Ziemowit 12 | 3,609
23 Jul 2015 #20
This is very true. Polish people do not even realize that this vocabulary came from Yiddish and think it is Slavic.
Y12$
23 Jul 2015 #21
Polish has been influenced by many more languages that you have listed -- Latin, German, French, and more recently English. It's interesting though that some volcabulary is very much Polish -- even in scientific areas. I find the names of elements in the periodic table especially interesting. In many languagues, you can actually guess the elements (even without the symbols), but not so in Polish... they are so different -- wodór=hydrogen, azot=nitrogen, miedź=copper, etc.

I'm surprised that no one mentioned that Yiddish is actually classified as a Germanic language, alongside with German. Actually large number of Yiiddish words are borrowed from German with modified spelling or pronunciation. I'm not clear if the Yiddish grammer is based on German (especially with the rigid word order or the four cases) While Polish probably borrowed some words from Yiddish, I wonder if these words really came from German.
TheOther 5 | 3,872
23 Jul 2015 #22
I'm not clear if the Yiddish grammer is based on German

Check this one out: en.wikipedia.org/wiki/Yiddish_grammar
Lyzko 24 | 6,786
23 Jul 2015 #23
Granddad always used to quip, Yiddish sounds like German damaged on delivery!
TheOther 5 | 3,872
24 Jul 2015 #24
Have you learned any Yiddish from your grandfather? Just curious.
Lyzko 24 | 6,786
24 Jul 2015 #25
Uh-uh!! Always found it a decidedly ugly language, neither fish nor fowl, neither Germanic, nor Slavic, nor Hebraic nor much of anything. To be frank, I felt it a sort of "throw-away" language.
Ziemowit 12 | 3,609
24 Jul 2015 #26
Here are some Yiddish words currently used in Polish:
bachor, belfer, hucpa, cymes, kapcan (rare these days), ksywa, rejwach, machlojka, mamona, mecyje (becoming rare), misz-masz, siksa, sitwa.
rozumiemnic 8 | 3,671
24 Jul 2015 #27
" hucpa " chutzpah in English?

we also have mish-mash and shiksa in English!

Also 'nosh'...

plus London slang 'keep stum' (keep mouth shut) 'schmatta' (quality of cloth, as in 'feel the schmatta, Bennie'), dumb schmuck,....( will think of more later_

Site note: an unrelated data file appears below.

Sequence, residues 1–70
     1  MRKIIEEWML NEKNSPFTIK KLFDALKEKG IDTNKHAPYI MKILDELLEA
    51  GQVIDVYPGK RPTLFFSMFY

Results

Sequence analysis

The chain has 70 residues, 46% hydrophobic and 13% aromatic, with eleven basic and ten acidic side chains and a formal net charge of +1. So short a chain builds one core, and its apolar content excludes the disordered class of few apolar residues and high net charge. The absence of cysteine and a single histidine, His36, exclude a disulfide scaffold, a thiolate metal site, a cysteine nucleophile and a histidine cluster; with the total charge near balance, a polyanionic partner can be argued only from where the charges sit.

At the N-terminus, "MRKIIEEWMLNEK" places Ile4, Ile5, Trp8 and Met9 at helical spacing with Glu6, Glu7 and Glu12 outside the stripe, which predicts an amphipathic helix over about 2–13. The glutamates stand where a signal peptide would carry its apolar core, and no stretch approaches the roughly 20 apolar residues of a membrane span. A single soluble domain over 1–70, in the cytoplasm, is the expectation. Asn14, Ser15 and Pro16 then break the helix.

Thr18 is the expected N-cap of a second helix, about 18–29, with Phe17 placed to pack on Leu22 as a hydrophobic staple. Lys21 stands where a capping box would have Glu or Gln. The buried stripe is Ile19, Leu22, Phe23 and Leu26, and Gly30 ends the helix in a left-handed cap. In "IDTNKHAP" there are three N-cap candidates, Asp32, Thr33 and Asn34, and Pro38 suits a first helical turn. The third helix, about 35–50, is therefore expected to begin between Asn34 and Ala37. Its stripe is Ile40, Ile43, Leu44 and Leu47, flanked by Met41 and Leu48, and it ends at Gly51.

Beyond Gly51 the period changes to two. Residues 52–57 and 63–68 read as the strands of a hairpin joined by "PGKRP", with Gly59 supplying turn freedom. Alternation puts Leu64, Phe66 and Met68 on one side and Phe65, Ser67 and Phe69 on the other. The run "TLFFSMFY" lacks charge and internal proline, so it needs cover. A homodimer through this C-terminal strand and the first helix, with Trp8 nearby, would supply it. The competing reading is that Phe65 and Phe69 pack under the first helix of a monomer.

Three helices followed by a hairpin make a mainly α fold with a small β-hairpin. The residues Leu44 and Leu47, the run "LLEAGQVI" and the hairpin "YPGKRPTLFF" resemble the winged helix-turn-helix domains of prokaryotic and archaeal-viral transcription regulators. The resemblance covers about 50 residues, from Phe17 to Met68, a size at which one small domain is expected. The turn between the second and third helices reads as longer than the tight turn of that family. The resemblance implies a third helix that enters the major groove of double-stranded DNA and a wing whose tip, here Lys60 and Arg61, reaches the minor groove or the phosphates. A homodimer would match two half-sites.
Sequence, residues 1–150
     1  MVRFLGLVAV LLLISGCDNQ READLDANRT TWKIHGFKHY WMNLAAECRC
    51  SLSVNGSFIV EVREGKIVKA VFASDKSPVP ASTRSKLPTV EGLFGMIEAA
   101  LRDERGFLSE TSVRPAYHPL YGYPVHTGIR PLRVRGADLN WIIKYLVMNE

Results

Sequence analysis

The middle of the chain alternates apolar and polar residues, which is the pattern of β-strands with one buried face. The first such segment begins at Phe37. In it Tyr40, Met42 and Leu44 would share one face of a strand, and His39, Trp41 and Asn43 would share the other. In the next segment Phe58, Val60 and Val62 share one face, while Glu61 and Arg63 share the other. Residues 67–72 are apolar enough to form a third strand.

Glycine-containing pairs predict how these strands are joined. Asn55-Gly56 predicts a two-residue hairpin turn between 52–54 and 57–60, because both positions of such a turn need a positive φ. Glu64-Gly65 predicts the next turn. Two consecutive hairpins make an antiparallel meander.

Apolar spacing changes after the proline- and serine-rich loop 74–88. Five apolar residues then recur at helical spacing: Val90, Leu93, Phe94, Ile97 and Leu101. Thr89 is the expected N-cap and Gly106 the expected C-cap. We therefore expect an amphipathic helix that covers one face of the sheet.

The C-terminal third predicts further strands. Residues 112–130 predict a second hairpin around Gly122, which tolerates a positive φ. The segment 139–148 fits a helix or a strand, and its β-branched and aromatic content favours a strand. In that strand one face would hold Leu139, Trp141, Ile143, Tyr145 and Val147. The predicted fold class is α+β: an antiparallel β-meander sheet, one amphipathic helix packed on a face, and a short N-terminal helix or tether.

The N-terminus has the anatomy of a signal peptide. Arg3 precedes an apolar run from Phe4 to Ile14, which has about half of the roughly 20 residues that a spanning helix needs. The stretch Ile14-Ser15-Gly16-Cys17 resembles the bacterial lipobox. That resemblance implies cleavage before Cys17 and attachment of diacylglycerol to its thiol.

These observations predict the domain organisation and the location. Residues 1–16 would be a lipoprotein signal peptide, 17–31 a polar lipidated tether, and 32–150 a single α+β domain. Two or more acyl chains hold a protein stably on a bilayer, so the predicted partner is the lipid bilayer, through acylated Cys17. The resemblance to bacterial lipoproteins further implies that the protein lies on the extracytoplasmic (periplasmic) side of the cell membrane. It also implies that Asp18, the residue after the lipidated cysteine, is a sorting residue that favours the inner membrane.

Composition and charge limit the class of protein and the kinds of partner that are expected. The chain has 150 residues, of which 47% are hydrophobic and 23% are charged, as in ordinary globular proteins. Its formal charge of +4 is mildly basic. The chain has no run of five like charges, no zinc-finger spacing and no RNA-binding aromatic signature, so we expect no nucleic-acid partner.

Y12$
24 Jul 2015 #28
I looked into this topic further... actually Wikipedia seems like a good resource: en.wikipedia.org/wiki/List_of_English_words_of_Yiddish_origin

Some words are definitely Yiddish-origin, but others are actually derived from Slavic languages or German, and entered into Yiddish and then into English. I think the borrowing of words went both ways (from Yiddish and to Yiddish).

Some examples from Wikipedia:

kasha: porridges (from קאַשע, the plural form Yiddish קאַשע "kash" which is derived from a Slavic word meaning porridge: каша)[4] Polish - buckwheat groats. (Polish : kasza)

tchotchke: knickknack, trinket, curio (from Yiddish צאַצקע tsatske, טשאַטשקע tshatshke, from Polish cacko)

mensch: an upright man; a decent human being (from Yiddish מענטש mentsh 'person', cf. German Mensch)

kosher: correct according to Jewish law, normally used in reference to Jewish dietary laws; (slang) appropriate, legitimate (originally from Hebrew כּשר kašer,kasher)

schmatta: a rag (from Yiddish שמאַטע shmate, from Polish szmata) (OED); also means junk or low-quality merchandise: "Don't buy from Silverman; all he sells is schmatta."
TheOther 5 | 3,872
24 Jul 2015 #29
There are still tons of Yiddish words used in modern German such as ...

meschugge = crazy
koscher = kosher
schmusen = to cuddle
dufte = great
Schlamassel = mess
malochen = to work

... and many more.
Lyzko 24 | 6,786
24 Jul 2015 #30
.....Daffke, Mischpocha (but only derogatorily, e.g. about a sort of gypsy-style ragamuffin bunch of poorly clad, screaming, braty types..), Reibach....

The Viennese typically use "Beizl", "Kiberer" etc...